Weekly vacancy analysis: Vacancy trends in week-ending 14 June 2020
This is the tenth in a series of weekly briefings exploring changes in vacancies since the Covid-19 crisis began. The work is funded by the Joseph Rowntree Foundation and uses vacancy data collected by Adzuna (www.adzuna.co.uk) – one of the largest online job search engines in the UK. This briefing covers vacancies up to Sunday 14 June 2020 and includes new analysis of the ratio between unemployment and vacancies using the latest claimant count unemployment data which were released on 16 June.
Changes in new vacancies and vacancy levels
As at 15 March 2020, Adzuna was listing 820 thousand UK vacancies, which by 14 June had fallen to 367 thousand. Over the last week vacancies have increased by 21 thousand, or 6 per cent. Vacancies remain nearly half a million below pre-crisis levels and more than 600 thousand below this time last year. Our analysis finds that during the last week, there were 105 thousand new vacancies notified which is 12 per cent higher than the figure reported last week and the second increase in a row.
Changes in unemployment/vacancy ratios
This week has seen the latest release of Claimant Count unemployment data by ONS, showing that unemployment in May was 2.8 million. The increase since March is larger than during the whole of the previous two recessions. The number of unemployed claimants per vacancy has increase from 1.5 in March to 4.5 in April and to 8.5 in May. The highest unemployment/vacancy ratios are in Northern Ireland, the North East, Wales, and Scotland. The ratio has increased fastest in London, followed by the South East, even though these regions are still below the ratio in Northern Ireland in March (6.0).
An alternative way of understanding local differences is using the ONS area classification for local authorities which groups LAs with similar characteristics. The jobs market was slackest in ethnically diverse urban areas (outer London, Birmingham, Leicester, Luton and Slough) and ex-industrial areas, with around 20 people competing for each job in May. The ratio of unemployed claimants to vacancies was lowest in cosmopolitan inner London boroughs, business and university towns and cities, and affluent areas in the East and South East, although London Cosmopolitan areas experienced the largest rise in the unemployment/vacancy ratio in the last month, almost trebling from 0.7 in April to 2 in May.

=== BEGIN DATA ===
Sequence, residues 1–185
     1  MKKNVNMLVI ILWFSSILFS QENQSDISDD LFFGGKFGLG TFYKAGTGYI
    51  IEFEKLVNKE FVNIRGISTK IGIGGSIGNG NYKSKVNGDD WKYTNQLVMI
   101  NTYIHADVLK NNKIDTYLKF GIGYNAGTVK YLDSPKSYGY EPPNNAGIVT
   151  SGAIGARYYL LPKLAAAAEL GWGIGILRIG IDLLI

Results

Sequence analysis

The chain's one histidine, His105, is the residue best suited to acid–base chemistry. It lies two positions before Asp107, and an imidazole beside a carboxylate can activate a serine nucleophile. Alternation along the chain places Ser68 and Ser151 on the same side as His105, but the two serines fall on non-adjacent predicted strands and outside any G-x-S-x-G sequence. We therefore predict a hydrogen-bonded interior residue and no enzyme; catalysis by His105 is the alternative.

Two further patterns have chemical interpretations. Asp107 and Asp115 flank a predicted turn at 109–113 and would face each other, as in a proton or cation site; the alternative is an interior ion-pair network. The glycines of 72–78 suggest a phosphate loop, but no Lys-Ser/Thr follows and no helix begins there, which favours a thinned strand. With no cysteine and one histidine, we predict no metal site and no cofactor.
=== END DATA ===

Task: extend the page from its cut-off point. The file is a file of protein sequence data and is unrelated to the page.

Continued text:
Vacancies by job type
Vacancies have fallen in all job types, but health and social care work has held up to a much greater extent than other job areas. There have been particularly steep falls in hospitality, sales and retail. Health, IT, education and social care vacancies account for just over half of the total – compared with around one third of the total in early March. There have been increases across all job types except for health and social work, with the fastest increase among legal vacancies, and the largest numerical increase in vacancies in IT. Other job types in which there have been above average percentage increases and large numerical increases include sales, accounting/finance, and engineering.
Vacancies by salary level
There is a narrowing of the gap in the number of vacancies between the two lowest pay bands, reflecting the large falls in vacancies for hospitality and catering which are typically low paid. Vacancies have increased marginally across all salary bands between May and June, except for jobs paying £55,000 or more.
Conclusions and next steps
One swallow does not make a summer, but two weeks of increasing stocks and flows of vacancies indicate tentative signs of recovery in the labour market, particularly in areas such as legal, IT, sales, accounting/finance, and engineering. Health and social care vacancies have been flat over the last couple of weeks but were much less affected immediately after the crisis.
However, the comparison of unemployment and vacancy data, which reflect the situation in mid-May before any increase in vacancies emerged, show that there were over eight unemployed claimants per vacancy, up from around four and a half in April. As claimant unemployment understates the true level of unemployment, there are likely to be at least ten unemployed people chasing each vacancy. This is the average across the country, and in some ex-industrial and urban areas outside of the south and east of England there are 50 claimants per vacancy.
We will continue to publish further vacancy analyses at the end of each week, with next week’s briefing focusing on changes in occupations over the last three months.
Finally, the Office for National Statistics (ONS) also produces a weekly update at the aggregate level using Adzuna data. Their analysis, including details on the differing methodologies used between our analyses, is detailed here.